In the U.S. most criminal law is enacted and enforced by the states, so you'll find most U.S. criminal law in the individual states' codified statutes (see "State Statutes").
Federal criminal law resides in the U.S. Code (see "United States Code"), particularly Title 18, which covers Federal Crimes and Criminal Procedure. Title 18 includes the Federal Sentencing Guidelines and the Federal Rules of Criminal Procedure (see Federal Procedure Rules).
Anti-Bribery Laws: Some resources I have found useful: FCPA Blog ("The World's Biggest Anti-Corruption Compliance Portal"), the FCPA Professor, Anti-Bribery Law in International Business (a Research Guide by the University of Richmond Law Library), the subscription-only articles on Main Justice (known as "Just Anti-Corruption") and The FCPA Report (a subscription newsletter with a very helpful topical index).
Police Reports: Vehicle accident reports, as well as some crime and incident reports, are available through PoliceReports.US and other commercial vendors. Police reports may also be available through the relevant department's web site (e.g., Toledo), or they may be reported in a local newspaper (e.g., the Daily Chronicle). If nothing else, the department's web site may provide information on how to request a report may be posted on the department's web site (e.g., Philadelphia). Alternatively, you can order Police Reports through Accurint, and they will send a runner to retrieve copies. Or you can contact the department and request the report yourself.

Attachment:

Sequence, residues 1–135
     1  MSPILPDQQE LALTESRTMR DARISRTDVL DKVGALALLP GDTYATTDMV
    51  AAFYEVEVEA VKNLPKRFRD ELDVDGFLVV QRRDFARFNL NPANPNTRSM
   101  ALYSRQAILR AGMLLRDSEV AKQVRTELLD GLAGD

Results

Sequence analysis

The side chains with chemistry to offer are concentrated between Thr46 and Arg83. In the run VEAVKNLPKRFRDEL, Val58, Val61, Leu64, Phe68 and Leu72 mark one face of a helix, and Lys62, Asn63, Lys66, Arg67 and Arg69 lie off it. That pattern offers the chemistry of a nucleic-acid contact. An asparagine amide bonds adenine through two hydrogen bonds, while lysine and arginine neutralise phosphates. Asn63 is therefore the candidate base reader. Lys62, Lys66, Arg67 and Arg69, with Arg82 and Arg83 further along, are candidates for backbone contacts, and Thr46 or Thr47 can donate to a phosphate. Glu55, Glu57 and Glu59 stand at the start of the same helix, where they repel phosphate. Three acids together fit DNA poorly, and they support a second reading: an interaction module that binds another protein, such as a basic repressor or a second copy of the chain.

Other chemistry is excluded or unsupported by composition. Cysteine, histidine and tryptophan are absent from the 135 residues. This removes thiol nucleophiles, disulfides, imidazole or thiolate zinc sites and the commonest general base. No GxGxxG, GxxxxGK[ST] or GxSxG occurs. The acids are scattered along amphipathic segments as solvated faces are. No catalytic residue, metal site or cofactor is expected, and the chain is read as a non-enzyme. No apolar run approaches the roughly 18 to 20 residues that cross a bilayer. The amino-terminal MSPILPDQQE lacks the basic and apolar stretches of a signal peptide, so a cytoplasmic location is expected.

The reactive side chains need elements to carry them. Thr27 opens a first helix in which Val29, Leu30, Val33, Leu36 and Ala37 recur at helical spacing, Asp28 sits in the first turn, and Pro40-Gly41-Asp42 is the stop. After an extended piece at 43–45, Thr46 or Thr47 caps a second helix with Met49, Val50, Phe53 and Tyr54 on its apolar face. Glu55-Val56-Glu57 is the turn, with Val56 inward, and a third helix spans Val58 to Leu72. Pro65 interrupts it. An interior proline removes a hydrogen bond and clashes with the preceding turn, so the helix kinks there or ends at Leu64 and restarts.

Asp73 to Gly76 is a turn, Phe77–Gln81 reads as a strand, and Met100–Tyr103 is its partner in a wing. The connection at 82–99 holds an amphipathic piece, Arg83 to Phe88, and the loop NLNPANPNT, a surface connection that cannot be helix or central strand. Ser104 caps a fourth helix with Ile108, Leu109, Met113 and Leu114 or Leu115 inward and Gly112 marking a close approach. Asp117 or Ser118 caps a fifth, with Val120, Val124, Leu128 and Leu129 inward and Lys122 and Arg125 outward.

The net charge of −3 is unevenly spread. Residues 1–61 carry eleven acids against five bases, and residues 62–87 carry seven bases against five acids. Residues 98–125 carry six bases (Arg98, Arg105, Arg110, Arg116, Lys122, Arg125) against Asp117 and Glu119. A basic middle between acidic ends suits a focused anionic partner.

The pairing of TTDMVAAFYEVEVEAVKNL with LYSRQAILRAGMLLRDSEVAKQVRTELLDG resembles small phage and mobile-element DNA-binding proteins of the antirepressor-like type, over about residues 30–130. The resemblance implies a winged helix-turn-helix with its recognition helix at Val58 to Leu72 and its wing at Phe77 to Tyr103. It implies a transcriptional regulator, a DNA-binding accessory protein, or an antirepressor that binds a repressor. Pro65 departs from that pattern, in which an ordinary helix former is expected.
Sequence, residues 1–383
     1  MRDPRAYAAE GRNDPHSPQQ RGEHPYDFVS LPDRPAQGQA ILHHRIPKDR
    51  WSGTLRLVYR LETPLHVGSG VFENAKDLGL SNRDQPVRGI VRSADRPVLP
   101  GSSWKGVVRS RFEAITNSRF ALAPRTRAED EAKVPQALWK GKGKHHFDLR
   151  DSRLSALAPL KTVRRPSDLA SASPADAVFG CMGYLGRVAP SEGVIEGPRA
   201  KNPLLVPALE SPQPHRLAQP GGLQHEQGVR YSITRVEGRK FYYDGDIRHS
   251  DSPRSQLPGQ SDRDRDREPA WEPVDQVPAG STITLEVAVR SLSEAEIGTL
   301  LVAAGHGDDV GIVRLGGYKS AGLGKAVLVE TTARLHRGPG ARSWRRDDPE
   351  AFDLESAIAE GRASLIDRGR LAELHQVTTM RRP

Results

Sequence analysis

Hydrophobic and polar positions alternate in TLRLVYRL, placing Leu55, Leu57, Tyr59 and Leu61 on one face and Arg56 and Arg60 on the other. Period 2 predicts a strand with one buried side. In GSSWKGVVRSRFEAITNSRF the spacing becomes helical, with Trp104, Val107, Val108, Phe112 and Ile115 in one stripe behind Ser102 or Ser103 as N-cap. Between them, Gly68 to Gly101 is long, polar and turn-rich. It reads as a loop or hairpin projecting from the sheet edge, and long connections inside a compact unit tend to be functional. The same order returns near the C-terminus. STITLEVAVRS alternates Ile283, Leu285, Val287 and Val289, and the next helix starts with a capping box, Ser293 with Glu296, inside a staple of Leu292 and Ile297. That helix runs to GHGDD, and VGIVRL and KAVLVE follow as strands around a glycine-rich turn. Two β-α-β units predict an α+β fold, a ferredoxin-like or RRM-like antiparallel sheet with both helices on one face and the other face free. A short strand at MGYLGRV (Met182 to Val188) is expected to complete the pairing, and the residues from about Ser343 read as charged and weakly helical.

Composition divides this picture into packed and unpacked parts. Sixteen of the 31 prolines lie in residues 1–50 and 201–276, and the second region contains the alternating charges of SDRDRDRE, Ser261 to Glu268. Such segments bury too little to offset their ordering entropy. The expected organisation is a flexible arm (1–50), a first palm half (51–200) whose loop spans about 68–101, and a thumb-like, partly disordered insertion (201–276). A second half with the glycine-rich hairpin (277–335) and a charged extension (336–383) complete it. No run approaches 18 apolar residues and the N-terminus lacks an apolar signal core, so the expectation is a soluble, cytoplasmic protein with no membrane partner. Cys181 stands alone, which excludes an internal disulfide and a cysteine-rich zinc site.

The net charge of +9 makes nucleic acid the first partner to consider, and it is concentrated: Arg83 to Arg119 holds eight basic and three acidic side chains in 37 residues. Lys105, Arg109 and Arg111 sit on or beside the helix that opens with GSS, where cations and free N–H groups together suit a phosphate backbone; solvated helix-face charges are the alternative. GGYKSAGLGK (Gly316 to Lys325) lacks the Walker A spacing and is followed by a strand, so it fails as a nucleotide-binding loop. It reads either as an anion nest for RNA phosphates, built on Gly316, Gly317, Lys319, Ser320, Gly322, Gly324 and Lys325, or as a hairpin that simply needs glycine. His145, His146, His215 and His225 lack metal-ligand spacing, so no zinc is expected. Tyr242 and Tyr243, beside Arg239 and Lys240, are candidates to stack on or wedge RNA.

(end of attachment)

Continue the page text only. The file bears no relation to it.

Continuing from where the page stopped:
International Criminal Law: For information and resources, see the International Criminal Law page of the ASIL Guide to Electronic Resources for International Law, Comparative Criminal Procedure: A Select Bibliography (GlobaLex, 2007) by Lyonette Louis-Jacques and/or the International Criminal Law: A Selective Resource Guide (LLRX, 2000).
Investigations: Corporate Internal Investigations (Law Journal Press) discusses corporate internal investigations in the U.S. For investigations in other countries, see Corporate Internal Investigations: An International Guide by Lomas and Kramer (Oxford University Press) and Corporate Internal Investigations: Overview of 13 Jurisdictions, published in 2013 by Spehl and Gruetzner (Oxford and Nomi's Verlagsgesellschaft). There are also many law firm memos on this topic.
Plea Agreements and Non-Prosecution Agreements: Professor Brandon Garrett at the University of Virginia School of Law has compiled and posted databases of Federal Organizational Plea Agreements and Federal Organizational Prosecution Agreements, arranged by company, with links to agreements, docket sheets and press releases. Other resources: (a) search PACER or a secondary vendor for agreements filed with a court, (b) review the DOJ website (note: the DOJ search engine is horrible, better to search Google and add "site:http://www.justice.gov/" to your search), (c) search the business news for significant settlements.